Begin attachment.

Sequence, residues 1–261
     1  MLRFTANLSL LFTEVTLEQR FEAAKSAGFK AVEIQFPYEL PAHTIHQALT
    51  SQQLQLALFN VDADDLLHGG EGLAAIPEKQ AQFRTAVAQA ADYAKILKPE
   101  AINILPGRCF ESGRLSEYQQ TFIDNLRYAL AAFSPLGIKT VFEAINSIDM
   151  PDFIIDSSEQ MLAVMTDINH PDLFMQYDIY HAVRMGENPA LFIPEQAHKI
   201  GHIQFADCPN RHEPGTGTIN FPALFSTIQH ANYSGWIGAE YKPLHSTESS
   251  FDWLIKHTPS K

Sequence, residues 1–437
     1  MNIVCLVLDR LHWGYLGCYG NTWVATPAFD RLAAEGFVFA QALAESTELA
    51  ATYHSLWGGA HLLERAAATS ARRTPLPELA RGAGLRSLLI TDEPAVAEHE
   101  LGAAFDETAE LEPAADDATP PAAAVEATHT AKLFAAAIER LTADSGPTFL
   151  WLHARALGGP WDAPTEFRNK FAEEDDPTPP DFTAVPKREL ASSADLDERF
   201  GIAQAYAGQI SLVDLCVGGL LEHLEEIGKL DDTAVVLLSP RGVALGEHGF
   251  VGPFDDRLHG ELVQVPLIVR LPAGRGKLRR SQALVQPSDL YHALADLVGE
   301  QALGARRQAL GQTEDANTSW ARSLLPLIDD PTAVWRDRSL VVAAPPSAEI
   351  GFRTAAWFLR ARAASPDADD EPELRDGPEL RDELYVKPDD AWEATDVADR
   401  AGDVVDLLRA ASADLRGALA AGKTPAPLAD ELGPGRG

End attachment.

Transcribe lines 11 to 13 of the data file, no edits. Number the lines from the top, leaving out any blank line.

   101  LGAAFDETAE LEPAADDATP PAAAVEATHT AKLFAAAIER LTADSGPTFL
   151  WLHARALGGP WDAPTEFRNK FAEEDDPTPP DFTAVPKREL ASSADLDERF
   201  GIAQAYAGQI SLVDLCVGGL LEHLEEIGKL DDTAVVLLSP RGVALGEHGF